The Vanished Bride: The Brontë Mysteries

Written by Bella Ellis
Review by Lisa Redmond

The Vanished Bride is the first of a new series, The Brontë Mysteries, written by Bella Ellis; a new Brontë-inspired pen name for bestselling contemporary fiction author Rowan Coleman. The plot revolves around the mysterious disappearance of a young woman not far from the village of Haworth, where the Brontë sisters, Charlotte, Emily and Anne, are back home once more after working and studying abroad. Charlotte’s old friend, Matilda French, is working as a governess at Chester Grange when her mistress disappears, leaving behind no clue to her whereabouts except a mattress soaked in blood. The sisters, aided by their brother Branwell, set about investigating, making some shocking revelations.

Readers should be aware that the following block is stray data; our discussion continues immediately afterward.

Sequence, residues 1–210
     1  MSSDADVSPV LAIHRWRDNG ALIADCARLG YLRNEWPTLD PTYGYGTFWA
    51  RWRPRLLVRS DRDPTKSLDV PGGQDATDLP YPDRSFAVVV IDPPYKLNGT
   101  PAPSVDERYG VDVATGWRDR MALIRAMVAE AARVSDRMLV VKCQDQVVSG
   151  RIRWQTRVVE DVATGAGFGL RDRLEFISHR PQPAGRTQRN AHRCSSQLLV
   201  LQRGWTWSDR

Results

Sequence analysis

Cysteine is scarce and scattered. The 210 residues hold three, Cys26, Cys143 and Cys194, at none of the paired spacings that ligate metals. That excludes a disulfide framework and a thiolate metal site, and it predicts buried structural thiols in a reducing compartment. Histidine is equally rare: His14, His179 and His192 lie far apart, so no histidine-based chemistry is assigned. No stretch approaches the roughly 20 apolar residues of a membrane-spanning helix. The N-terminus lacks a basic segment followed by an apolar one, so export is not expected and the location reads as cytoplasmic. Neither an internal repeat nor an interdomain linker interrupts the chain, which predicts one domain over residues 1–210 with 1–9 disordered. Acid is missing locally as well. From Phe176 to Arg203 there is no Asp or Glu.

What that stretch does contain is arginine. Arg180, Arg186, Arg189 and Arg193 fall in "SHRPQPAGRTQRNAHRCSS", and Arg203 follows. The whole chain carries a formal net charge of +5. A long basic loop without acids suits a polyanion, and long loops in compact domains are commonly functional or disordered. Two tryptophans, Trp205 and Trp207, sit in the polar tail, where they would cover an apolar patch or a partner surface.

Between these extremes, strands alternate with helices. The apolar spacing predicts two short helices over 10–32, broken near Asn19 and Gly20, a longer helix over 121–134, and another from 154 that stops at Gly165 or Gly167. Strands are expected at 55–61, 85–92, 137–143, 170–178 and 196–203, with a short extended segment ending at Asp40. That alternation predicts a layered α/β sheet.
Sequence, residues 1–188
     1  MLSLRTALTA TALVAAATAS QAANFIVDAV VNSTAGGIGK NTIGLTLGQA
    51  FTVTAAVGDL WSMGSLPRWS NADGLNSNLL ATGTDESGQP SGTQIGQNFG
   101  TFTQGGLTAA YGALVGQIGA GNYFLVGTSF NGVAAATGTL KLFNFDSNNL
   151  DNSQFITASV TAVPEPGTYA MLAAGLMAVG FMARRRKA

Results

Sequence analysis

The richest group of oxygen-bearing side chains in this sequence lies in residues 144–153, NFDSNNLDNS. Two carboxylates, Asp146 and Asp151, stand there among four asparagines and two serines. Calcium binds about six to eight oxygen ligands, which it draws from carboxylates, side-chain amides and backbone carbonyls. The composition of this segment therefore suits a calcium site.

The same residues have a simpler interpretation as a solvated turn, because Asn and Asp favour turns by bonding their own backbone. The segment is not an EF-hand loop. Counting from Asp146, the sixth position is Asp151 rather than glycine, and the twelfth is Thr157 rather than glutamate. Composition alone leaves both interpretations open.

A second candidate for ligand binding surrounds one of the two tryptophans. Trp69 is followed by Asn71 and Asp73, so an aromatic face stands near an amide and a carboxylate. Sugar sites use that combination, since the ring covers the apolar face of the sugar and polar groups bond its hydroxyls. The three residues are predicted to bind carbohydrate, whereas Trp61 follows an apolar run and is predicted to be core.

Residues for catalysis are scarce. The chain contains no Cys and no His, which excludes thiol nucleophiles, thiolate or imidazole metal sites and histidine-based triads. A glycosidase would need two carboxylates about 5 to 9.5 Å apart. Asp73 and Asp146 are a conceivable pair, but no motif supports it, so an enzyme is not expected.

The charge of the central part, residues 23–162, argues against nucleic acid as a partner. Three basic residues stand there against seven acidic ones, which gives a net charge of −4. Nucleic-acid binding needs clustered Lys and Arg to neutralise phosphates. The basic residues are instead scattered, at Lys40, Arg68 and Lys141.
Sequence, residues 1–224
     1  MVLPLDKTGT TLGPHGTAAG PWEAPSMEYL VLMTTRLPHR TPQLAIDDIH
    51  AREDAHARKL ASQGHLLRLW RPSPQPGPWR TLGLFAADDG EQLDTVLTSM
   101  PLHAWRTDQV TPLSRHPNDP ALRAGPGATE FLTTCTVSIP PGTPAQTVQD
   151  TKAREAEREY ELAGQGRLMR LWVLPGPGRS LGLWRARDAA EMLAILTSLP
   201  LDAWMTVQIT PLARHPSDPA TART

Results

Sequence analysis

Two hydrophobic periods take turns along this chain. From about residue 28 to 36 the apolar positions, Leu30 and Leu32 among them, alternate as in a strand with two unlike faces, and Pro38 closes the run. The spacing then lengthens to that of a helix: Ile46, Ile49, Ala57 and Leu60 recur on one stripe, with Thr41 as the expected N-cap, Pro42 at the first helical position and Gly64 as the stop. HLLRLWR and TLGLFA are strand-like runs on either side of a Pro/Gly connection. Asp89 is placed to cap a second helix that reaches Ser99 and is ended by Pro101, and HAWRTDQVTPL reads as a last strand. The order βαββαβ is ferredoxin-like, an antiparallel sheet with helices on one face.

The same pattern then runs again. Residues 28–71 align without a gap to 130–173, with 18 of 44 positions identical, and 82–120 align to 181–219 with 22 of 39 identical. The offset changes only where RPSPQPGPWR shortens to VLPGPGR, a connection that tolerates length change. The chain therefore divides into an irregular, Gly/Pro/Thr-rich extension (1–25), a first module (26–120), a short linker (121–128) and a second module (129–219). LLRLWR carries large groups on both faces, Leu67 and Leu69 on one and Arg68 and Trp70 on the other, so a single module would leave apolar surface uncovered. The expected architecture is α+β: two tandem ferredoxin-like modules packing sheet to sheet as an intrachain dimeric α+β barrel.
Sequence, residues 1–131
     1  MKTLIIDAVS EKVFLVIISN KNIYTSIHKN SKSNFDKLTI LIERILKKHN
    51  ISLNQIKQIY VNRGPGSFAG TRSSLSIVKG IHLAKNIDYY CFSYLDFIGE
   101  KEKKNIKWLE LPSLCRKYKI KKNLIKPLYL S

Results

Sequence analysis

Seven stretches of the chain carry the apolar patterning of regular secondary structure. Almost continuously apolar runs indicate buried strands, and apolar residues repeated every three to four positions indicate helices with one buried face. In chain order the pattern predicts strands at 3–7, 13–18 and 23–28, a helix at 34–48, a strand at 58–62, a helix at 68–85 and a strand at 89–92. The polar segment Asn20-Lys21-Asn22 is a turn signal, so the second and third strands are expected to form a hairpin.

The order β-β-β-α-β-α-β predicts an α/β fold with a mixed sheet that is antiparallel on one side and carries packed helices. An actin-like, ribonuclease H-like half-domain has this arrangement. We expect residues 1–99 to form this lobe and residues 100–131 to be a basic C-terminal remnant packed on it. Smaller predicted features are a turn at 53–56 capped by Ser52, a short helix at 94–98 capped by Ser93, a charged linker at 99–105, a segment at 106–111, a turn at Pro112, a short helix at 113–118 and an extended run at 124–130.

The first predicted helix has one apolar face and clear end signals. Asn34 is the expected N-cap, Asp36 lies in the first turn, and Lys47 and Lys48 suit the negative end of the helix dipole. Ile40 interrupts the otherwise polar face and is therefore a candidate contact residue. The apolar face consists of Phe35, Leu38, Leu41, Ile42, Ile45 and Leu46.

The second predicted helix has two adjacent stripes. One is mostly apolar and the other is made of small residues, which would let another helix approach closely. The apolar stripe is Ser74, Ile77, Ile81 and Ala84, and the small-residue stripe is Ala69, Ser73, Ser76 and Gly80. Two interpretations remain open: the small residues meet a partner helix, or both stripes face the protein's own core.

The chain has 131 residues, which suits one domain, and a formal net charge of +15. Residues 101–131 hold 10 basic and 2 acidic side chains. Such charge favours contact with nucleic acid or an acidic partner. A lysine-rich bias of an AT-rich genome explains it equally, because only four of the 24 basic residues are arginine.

This is an intriguing mystery which explores women’s lack of power in Victorian Britain and the frustrations that all the women involved feel about these restrictions. The book is peopled with characters from all walks of life, from violent country squires to quiet country curates, mouthy urchins, and mysterious gypsies. The landscape both industrial and rural is beautifully evoked, and the characters of each of the Brontë siblings is brilliantly explored and brought to life by Ellis’s fantastic storytelling, with a plot that rattles along. A thoroughly enjoyable tale, tinged with gothic drama, and an ideal read for fans of Daphne du Maurier and of course the Brontës themselves.